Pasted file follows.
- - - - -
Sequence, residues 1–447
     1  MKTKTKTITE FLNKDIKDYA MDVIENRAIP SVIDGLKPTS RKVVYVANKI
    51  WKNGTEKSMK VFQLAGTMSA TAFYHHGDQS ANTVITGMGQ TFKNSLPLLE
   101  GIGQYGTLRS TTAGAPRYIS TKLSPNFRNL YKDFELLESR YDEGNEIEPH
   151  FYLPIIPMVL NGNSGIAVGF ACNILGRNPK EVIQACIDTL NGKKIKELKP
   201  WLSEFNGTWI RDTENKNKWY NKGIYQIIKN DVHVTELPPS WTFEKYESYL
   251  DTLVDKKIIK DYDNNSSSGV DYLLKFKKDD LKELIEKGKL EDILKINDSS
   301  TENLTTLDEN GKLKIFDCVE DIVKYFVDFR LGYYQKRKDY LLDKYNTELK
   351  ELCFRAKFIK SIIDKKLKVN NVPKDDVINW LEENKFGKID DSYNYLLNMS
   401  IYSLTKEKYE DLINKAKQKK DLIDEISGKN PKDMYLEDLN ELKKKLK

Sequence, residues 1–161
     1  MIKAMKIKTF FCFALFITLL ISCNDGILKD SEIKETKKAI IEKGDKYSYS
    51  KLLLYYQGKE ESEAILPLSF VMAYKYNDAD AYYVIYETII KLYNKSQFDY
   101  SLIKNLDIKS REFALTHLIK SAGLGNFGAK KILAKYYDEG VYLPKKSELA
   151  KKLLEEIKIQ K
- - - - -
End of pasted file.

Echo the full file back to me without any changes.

Sequence, residues 1–447
     1  MKTKTKTITE FLNKDIKDYA MDVIENRAIP SVIDGLKPTS RKVVYVANKI
    51  WKNGTEKSMK VFQLAGTMSA TAFYHHGDQS ANTVITGMGQ TFKNSLPLLE
   101  GIGQYGTLRS TTAGAPRYIS TKLSPNFRNL YKDFELLESR YDEGNEIEPH
   151  FYLPIIPMVL NGNSGIAVGF ACNILGRNPK EVIQACIDTL NGKKIKELKP
   201  WLSEFNGTWI RDTENKNKWY NKGIYQIIKN DVHVTELPPS WTFEKYESYL
   251  DTLVDKKIIK DYDNNSSSGV DYLLKFKKDD LKELIEKGKL EDILKINDSS
   301  TENLTTLDEN GKLKIFDCVE DIVKYFVDFR LGYYQKRKDY LLDKYNTELK
   351  ELCFRAKFIK SIIDKKLKVN NVPKDDVINW LEENKFGKID DSYNYLLNMS
   401  IYSLTKEKYE DLINKAKQKK DLIDEISGKN PKDMYLEDLN ELKKKLK

Sequence, residues 1–161
     1  MIKAMKIKTF FCFALFITLL ISCNDGILKD SEIKETKKAI IEKGDKYSYS
    51  KLLLYYQGKE ESEAILPLSF VMAYKYNDAD AYYVIYETII KLYNKSQFDY
   101  SLIKNLDIKS REFALTHLIK SAGLGNFGAK KILAKYYDEG VYLPKKSELA
   151  KKLLEEIKIQ K